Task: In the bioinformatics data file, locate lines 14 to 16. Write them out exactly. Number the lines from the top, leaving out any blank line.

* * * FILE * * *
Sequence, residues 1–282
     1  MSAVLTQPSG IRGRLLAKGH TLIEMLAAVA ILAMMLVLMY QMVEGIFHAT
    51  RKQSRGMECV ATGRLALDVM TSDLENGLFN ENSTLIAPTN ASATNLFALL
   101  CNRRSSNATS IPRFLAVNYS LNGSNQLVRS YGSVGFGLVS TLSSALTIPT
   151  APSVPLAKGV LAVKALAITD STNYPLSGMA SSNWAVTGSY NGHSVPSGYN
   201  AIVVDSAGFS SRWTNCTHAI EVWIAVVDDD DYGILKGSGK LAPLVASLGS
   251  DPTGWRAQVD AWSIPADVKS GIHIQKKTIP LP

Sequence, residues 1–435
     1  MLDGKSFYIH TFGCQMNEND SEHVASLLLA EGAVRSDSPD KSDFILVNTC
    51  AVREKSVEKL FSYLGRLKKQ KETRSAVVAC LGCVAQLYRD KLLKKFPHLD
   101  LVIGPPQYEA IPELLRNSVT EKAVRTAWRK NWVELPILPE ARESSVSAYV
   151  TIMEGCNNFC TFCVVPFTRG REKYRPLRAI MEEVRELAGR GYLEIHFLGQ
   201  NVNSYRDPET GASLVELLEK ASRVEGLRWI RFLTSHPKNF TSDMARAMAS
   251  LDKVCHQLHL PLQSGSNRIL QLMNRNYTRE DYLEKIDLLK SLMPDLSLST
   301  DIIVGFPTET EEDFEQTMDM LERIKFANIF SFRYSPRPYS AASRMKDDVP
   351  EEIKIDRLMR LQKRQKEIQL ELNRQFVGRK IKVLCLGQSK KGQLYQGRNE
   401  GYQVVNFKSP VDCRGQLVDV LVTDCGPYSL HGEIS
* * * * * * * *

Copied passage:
   251  LDKVCHQLHL PLQSGSNRIL QLMNRNYTRE DYLEKIDLLK SLMPDLSLST
   301  DIIVGFPTET EEDFEQTMDM LERIKFANIF SFRYSPRPYS AASRMKDDVP
   351  EEIKIDRLMR LQKRQKEIQL ELNRQFVGRK IKVLCLGQSK KGQLYQGRNE